The integers used in an expression can be of any length but all intermediate 
results and the final result are restricted to 275 or less decimal digits.

While factoring an integer, the library can produce a very large amount of
intermediate information. This information is stored in one or more auxiliary 
savefiles, and the savefiles can be used to restart an interrupted 
factorization. Note that factoring one integer and then another integer 
will overwrite the savefiles from the first integer.

The amount of memory that's needed will depend on the size of the number to
be factored and the algorithm used. If running the quadratic sieve or the
number field sieve, the memory requirements increase towards the end of 
a factorization, when all of the intermediate results are needed at the 
same time. For a 100-digit quadratic sieve factorization, most of the time 
Msieve needs 55-65MB of memory, with the last stage of the factorization 
needing 100-130MB. The final part of the number field sieve can use up 
incredible amounts of memory; for example, completing the factorization of
a 512-bit number like an RSA key needs 2-3GB of memory.


Frequently Asked Questions
--------------------------

Q. I want to factor much bigger numbers. Can't Msieve solve problems
   larger than you say?
Q. I'm trying to break my ex-girlfriend's RSA key with Msieve, and it's
   not working. What's wrong?
A. The quadratic sieve really is not appropriate for factoring numbers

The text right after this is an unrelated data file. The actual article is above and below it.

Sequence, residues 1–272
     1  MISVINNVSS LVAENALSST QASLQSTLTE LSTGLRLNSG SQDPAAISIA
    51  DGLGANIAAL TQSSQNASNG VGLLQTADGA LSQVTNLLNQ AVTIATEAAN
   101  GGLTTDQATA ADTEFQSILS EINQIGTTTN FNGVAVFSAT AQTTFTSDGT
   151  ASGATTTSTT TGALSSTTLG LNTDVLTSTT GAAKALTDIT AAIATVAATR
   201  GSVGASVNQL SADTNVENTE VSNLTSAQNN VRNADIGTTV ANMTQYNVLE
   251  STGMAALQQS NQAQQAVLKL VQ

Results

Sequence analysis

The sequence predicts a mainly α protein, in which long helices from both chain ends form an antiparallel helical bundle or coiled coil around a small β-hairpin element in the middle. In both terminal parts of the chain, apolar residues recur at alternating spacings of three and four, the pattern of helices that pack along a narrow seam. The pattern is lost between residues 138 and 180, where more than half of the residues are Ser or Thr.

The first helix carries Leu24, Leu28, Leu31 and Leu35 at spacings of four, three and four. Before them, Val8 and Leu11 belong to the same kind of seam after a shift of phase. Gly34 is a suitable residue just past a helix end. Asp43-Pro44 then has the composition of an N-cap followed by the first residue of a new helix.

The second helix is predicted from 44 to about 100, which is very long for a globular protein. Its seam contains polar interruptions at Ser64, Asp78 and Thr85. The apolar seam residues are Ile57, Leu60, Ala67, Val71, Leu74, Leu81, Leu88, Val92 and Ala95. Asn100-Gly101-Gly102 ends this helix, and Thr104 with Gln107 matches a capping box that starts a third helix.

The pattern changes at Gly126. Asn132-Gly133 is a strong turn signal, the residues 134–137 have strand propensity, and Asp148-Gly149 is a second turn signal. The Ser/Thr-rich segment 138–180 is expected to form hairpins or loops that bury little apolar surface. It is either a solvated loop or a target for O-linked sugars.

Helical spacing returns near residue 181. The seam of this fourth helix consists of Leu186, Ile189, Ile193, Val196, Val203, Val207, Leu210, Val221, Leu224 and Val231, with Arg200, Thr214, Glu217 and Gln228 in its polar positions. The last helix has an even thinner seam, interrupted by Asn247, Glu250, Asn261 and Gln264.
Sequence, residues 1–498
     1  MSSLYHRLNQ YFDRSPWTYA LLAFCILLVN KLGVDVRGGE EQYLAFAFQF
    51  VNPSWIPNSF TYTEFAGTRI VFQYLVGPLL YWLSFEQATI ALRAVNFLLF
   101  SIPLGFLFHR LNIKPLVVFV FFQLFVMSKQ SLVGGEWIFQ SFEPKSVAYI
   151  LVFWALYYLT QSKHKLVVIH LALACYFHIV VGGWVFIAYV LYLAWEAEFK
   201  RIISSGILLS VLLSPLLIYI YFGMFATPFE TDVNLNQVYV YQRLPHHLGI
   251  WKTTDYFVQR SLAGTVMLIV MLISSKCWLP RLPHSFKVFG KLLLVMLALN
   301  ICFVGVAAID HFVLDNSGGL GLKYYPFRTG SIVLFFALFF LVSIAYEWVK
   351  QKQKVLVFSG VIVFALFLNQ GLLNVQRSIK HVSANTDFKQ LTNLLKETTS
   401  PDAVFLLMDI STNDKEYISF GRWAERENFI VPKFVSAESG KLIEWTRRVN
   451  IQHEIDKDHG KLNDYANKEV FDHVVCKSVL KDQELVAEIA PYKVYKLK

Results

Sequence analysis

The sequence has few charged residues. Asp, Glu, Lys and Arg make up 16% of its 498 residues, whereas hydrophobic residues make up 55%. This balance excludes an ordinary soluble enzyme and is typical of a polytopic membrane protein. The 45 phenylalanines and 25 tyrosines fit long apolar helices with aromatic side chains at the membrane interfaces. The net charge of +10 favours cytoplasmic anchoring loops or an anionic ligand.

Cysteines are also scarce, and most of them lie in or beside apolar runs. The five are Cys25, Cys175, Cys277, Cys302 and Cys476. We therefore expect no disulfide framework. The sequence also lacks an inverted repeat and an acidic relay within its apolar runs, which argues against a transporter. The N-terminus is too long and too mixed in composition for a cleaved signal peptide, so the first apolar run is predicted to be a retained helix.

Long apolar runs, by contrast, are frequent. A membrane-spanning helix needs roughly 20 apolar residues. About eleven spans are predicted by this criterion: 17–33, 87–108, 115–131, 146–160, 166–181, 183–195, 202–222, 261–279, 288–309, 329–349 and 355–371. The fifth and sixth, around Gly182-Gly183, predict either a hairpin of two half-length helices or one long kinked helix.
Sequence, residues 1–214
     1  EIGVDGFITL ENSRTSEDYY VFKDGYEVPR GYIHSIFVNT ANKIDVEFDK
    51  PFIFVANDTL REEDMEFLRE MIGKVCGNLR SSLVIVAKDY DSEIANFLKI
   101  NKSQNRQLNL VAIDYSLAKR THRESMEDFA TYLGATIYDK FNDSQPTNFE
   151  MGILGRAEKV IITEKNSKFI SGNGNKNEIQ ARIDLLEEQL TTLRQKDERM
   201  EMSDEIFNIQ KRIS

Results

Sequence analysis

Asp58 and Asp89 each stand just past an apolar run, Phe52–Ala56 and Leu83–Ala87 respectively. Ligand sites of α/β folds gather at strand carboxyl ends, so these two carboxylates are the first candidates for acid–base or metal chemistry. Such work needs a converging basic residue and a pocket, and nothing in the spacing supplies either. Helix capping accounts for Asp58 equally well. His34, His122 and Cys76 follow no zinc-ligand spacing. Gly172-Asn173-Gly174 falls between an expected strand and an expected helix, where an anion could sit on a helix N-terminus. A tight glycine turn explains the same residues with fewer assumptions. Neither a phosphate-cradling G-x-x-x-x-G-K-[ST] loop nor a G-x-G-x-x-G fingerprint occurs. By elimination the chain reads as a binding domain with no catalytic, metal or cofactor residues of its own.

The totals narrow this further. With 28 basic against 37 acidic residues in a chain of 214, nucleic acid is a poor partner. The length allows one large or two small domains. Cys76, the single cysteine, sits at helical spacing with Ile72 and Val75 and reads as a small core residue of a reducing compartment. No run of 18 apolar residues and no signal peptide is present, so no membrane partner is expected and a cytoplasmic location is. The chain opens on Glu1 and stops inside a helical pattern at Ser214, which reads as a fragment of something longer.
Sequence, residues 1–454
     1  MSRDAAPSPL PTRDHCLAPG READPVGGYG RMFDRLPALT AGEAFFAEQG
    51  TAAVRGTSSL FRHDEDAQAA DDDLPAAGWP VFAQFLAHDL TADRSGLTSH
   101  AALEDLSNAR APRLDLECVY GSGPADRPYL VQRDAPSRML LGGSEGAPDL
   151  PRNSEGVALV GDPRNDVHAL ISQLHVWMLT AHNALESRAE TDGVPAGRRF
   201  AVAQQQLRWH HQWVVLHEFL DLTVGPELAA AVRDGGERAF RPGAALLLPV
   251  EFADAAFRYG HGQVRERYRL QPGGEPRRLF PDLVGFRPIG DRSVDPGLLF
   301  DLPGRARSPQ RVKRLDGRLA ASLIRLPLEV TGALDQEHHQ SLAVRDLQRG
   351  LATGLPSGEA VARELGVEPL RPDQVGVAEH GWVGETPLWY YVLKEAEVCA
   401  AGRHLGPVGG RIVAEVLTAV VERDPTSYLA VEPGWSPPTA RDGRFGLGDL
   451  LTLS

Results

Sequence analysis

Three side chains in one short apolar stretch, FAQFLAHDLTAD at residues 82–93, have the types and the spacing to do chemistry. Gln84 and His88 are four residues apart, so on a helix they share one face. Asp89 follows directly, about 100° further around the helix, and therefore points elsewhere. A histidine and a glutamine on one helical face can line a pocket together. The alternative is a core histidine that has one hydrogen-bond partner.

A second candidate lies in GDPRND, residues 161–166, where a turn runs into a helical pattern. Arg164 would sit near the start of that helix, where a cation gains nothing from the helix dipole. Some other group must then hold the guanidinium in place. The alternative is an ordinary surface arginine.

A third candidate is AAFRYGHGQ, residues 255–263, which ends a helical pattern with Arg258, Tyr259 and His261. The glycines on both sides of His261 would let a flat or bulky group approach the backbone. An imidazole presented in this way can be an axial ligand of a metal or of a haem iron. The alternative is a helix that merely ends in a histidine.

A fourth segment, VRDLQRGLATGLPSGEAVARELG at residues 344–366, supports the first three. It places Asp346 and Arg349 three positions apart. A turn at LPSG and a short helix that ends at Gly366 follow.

over ~110 digits in size, and the number field sieve implementation
   isn't even close to done. On a fast modern CPU, a 110-digit factor-
   ization takes nearly 120 hours for Msieve, and the time increases
   steeply beyond that. If you have really big factorization needs, there
   are essentially only two packages that you can use: GGNFS and the NFS
   implementation by Chris Card. Both are hosted on SourceForge (see
   www.sf.net/projects/ggnfs and www.sf.net/projects/factor-by-gnfs).
   For the largest size problems, you have to use the number field sieve;
   in fact, you have to use GGNFS for the first part of the factorization
   and then msieve for the last part. 

Q. Can you make Msieve network aware? Can you make it a client-server thingy?
   Can I use the internet to factor numbers?
A. The demo application for the Msieve library is just that, a demo. I don't
   know anything about network programming and I'm not qualified to build
   a client-server application that's safe in the face of internet threats.
   If you have these kinds of smarts, you can use Msieve in your own code
   and I'll help as much as I can. The demo is good enough for people with
   a few machines on a small private LAN, and this is ~100% of the user
   community right now.

Q. How can I modify Msieve to work on a cluster?
A. Distributed sieving is so easy that you don't need high-performance
   parallel programming techniques or message passing libraries to do it.
   If you're lucky enough to have a cluster then the batch scheduling
   system that comes with the cluster is more than enough to implement
   cluster-aware sieving. Of course if you have access to that much firepower